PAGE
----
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Researchers uncover the reason crows and ravens are found across the globe

The traits of their earliest ancestors allowed the extremely intelligent animals to have both the brains and the brawn to survive in a spectrum of habitats.

(CN) — Researchers at Washington University in St. Louis traced the evolution of crows and ravens to determine what allows the birds to survive in some of the most varied environments on Earth.

The study, published Thursday in the journal Nature Communications, found that species of crows and ravens are able to exist today from the Arctic tundra to the Sonoran desert thanks in large part to traits from their earliest ancestors that make them extremely adaptable.

Carlos Botero, assistant professor of biology, said the research team found that the diverse, global array of crow and raven species developed quickly compared to similar animals. Botero said the crows and ravens are an example of global diversification, in which the lineage of a species begins utilizing more and more space, eventually spreading to new continents and “in comparatively a short period, suddenly there’s a generation of a range of different species.”

“As soon as the ancestral crow arises in the picture, there’s a great increase in the number of new species,” said Botero. “That comes along with generation of diversity in forms of how big they are, how their beak shape looks and what ecological niches they occupy.”

Botero said that even as the birds diversified across the globe and their body sizes changed, they never got smaller. Rather, all the species retained a relatively large size. He also said that the shape of the beaks changed quickly among the different crow and raven species, allowing them different ways of using their beaks to find and handle food.

Perhaps most interestingly, Botero said the species’ role in their ecosystems — or their ecological niche — also diversified. They began to evolve to occupy drier habitats and expand their environments.

After determining that the crows and ravens were able to rapidly diversify, Botero said the researchers began investigating the traits that allowed the animals to occupy drastically different habitats across the globe.

“What we found is that the ancestral form of crow happened to have three key characteristics,” Botero said. “It was a big animal. It had comparatively wide and long wings, which we know is associated with the capacity to fly long distances. And we found that it had comparatively huge relative brain size.”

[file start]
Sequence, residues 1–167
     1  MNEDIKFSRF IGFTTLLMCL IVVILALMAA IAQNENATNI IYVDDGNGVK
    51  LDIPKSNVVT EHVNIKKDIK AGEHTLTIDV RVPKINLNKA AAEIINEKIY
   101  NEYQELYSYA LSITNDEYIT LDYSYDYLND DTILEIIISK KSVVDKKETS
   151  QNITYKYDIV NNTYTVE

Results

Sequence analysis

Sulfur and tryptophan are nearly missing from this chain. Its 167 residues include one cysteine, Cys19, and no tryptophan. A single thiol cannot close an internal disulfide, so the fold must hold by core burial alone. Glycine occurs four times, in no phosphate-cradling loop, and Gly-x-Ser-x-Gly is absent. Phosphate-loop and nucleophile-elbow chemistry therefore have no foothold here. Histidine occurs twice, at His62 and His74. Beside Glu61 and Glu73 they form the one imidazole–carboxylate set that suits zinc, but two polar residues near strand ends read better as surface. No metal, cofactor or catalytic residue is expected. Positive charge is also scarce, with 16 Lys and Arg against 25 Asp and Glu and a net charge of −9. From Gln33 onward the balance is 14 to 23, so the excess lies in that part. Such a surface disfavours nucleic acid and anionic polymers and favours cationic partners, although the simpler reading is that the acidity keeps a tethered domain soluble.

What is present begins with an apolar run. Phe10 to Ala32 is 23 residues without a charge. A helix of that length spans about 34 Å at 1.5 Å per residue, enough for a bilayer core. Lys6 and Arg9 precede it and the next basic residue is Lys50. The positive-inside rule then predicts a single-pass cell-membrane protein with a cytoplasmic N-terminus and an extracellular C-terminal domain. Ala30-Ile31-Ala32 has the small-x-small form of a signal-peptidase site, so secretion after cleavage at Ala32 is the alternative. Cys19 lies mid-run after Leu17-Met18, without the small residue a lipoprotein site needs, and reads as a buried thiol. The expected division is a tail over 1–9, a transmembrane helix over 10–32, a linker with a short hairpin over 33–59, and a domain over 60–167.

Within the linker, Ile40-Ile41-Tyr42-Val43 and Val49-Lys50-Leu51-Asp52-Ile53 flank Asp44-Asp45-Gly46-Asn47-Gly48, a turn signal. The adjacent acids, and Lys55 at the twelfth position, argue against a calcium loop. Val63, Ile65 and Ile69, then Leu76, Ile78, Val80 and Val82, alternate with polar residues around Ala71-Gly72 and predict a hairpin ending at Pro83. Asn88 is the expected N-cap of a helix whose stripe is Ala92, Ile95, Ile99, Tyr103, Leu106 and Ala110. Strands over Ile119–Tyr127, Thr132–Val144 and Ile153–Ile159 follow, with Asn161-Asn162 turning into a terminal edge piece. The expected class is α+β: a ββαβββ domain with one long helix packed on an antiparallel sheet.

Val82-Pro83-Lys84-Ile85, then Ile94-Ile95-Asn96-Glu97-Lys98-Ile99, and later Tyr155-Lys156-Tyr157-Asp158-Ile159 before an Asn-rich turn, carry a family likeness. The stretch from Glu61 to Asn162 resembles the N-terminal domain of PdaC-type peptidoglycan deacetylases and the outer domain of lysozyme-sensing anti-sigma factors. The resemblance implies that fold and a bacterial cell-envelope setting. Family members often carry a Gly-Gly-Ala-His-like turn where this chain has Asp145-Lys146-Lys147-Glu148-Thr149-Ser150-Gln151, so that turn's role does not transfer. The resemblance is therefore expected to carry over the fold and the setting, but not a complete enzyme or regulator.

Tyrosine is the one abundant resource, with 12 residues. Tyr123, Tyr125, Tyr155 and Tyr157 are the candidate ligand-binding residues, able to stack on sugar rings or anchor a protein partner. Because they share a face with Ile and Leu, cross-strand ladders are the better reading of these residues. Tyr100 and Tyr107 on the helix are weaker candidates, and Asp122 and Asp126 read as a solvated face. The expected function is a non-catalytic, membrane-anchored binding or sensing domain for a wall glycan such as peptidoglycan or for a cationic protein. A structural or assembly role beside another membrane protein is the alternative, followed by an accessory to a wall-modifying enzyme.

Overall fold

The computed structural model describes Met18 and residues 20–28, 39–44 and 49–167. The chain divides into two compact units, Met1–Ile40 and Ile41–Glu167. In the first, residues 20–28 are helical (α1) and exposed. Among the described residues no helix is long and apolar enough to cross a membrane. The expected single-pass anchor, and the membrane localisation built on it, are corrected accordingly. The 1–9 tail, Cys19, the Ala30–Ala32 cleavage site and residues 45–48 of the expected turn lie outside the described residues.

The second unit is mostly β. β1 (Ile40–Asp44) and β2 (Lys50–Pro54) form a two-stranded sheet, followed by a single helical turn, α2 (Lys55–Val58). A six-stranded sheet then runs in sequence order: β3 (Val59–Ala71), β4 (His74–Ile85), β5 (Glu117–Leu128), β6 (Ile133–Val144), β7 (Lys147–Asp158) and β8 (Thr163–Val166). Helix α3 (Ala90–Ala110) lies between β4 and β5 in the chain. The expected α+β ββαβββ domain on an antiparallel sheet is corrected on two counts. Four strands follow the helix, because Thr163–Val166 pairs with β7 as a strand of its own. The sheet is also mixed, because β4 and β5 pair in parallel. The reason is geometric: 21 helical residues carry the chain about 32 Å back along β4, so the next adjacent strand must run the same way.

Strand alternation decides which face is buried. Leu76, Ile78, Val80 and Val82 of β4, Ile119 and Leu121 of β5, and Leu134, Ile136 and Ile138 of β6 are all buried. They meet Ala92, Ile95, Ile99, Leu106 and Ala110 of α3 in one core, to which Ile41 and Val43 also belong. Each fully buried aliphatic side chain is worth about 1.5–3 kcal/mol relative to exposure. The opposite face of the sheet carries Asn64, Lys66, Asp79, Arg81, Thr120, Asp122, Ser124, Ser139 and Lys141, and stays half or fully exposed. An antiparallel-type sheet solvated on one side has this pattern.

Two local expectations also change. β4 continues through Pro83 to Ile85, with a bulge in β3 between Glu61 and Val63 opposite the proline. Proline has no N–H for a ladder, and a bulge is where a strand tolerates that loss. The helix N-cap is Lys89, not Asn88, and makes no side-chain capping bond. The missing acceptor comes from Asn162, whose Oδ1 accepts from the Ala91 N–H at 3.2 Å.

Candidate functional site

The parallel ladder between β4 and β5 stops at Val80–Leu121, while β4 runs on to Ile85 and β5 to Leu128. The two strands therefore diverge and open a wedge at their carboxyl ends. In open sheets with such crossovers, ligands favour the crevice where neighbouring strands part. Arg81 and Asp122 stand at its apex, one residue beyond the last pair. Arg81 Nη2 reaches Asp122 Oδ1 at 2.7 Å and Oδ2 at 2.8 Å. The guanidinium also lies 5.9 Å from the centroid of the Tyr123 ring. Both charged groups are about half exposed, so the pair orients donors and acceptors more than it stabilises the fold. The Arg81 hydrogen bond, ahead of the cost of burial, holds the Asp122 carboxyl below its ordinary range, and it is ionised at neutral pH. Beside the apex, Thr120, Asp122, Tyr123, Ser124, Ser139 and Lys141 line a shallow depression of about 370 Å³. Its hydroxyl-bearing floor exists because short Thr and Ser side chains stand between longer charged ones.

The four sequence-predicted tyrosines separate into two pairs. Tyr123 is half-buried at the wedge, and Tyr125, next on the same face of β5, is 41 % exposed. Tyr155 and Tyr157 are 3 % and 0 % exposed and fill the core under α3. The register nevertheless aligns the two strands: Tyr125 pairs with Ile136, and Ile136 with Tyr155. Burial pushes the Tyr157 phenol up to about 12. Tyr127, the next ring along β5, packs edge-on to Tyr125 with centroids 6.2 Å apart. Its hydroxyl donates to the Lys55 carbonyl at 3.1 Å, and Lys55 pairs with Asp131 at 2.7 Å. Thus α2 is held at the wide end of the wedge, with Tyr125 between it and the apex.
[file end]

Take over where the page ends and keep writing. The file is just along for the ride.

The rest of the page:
Botero said this “trifecta” combination of traits has allowed crows and ravens to “take over the world.” Their wing size allowed them to travel far distances and colonize across the world, but they likely would not have survived without the other traits.

“Really big relative brain size in birds is an indication that they had better cognitive abilities,” Botero said. This enhanced problem-solving capability could contribute to the animals’ behavioral flexibility. “They’re able to adjust how they interact with other species, where they nest, what they eat. That flexibility allows them to be really great at surviving.”

Their large size made them competitive against other birds already existing in the habitat, according to Botero.

“Once they arrived at a new spot, their bodies were not perfectly adapted, but they were still able to survive,” Botero said. “By surviving in those places over thousands, potentially millions of years, their bodies started to change through evolution and adapt into forms that were better suited for a particular habitat.”

Crows are known to be extremely intelligent, using tools and solving complex abstract problems. Botero said this makes them ideal for future research on the “ecology of cognition.”

“What benefits does it give you to have a big brain like the crow’s brain and like our brain? What are the advantages, what are the costs and how that relates to other important things in life like how you interact with other species, how you produce the species eventually or how you survive in this world?” Botero said. “Those are the kinds of open questions that my lab and my crew are deep in thinking trying to address.”

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